It is not known if diagnostic ultrasound causes bioeffects, particularly using post-1992 power levels16. We need to know. However, there is a separate question that also needs to be addressed, regarding how we should respond to small or theoretical risks. The approach that is sometimes taken is to draw on the principle of non-maleficence17 or the precautionary principle18, 19 to justify avoiding such risks. However, the problem is that possible risks apply to almost any new treatment or medical intervention (e.g. gene therapies), and these principles might prevent the development of major medical advances. A more rational approach is to attempt to balance possible risks with potential benefits.
Professional bodies have shown a willingness to balance the potential risks and benefits of ultrasound. Many professional statements imply that the risks of ultrasound to the fetus are sufficiently high, or sufficiently uncertain, that scans should only be performed when they convey significant benefits to the woman. They claim that diagnostic ultrasound conveys such benefits, whereas NEU does not.
This line of argument faces two problems. First, it seems quite possible that many women receive benefits from NEU that are comparable to those that they receive from diagnostic ultrasound. Consider the case of women who undergo midtrimester medical ultrasound examination even though they would not consider abortion in the presence of an abnormality. Since it is primarily a test for fetal abnormality, the benefits that such women derive from the scans are likely to be small, little greater than those gained from NEU. In fact, some diagnostic scans, such as those intended to detect threatened miscarriages, are likely to have few, if any, medical benefits. The benefits may take the form of psychological reassurance—not dissimilar to the benefits of entertainment ultrasound.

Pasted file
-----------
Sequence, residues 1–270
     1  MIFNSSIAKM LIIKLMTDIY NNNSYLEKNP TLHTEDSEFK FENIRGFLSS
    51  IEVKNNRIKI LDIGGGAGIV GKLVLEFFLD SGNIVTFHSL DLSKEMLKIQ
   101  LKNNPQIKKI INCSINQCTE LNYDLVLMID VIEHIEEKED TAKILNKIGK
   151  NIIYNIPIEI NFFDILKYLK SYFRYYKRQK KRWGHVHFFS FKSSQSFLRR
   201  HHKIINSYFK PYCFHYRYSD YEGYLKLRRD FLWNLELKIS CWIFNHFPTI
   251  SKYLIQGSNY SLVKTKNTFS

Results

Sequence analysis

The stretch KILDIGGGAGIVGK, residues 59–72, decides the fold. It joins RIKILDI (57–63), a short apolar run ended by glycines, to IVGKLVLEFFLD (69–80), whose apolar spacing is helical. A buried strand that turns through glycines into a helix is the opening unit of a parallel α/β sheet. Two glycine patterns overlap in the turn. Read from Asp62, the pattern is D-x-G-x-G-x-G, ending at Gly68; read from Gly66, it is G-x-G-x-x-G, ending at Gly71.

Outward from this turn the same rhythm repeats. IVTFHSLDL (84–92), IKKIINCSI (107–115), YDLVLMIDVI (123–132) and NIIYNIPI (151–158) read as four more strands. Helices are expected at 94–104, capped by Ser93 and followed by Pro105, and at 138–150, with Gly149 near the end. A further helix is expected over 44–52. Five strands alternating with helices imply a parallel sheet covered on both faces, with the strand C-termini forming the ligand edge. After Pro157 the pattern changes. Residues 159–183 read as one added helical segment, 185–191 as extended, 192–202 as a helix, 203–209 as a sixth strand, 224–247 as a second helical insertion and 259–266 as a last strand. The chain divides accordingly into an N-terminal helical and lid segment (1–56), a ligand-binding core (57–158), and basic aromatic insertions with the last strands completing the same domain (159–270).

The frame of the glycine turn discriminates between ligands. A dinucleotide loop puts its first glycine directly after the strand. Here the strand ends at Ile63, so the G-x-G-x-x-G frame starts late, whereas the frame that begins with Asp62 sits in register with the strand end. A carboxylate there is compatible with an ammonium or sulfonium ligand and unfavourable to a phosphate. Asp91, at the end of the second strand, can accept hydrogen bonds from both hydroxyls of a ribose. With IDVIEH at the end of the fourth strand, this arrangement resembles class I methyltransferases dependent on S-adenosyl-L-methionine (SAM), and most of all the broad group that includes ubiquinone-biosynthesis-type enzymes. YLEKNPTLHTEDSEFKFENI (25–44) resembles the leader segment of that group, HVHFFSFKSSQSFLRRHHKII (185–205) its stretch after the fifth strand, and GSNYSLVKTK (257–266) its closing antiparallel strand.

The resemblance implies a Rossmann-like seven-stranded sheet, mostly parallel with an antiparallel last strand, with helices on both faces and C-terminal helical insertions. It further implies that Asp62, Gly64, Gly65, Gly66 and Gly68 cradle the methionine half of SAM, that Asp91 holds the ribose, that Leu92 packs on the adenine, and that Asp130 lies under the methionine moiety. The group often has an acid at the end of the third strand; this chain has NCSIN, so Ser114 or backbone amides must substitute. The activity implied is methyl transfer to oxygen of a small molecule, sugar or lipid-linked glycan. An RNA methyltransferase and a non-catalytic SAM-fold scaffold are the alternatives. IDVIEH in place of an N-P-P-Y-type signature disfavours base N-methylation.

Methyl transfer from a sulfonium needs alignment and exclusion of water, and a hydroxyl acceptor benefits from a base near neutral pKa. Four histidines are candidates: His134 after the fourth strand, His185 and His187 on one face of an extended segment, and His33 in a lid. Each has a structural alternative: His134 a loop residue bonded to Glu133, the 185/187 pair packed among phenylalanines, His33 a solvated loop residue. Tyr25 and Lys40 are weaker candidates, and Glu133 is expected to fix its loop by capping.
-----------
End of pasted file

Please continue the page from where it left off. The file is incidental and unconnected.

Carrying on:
Second, and most important, it is not at all clear that the ‘significant benefits to the woman’ test is an appropriate one. Is it ethical to impose risks on a fetus so that the woman can derive some significant (but not enormous) benefit? For example, we might find it unethical for a woman to drink alcohol or take recreational drugs if this may harm the fetus, even though the woman may consider that the benefits to her are significant. One of us has argued elsewhere that a pregnant woman has strong moral reasons to refrain from behavior that potentially causes a child to be born in a harmed state and that has little prospect of benefiting it20. This reasoning does not presuppose that the fetus is a person, but is grounded on principles of respect for the interests of sentient beings and prevention of harm to future individuals20. Debate needs to focus on when, if ever, it is reasonable to perform a test that is in the interests of the woman but has a risk, however low, of causing significant morbidity to the future child.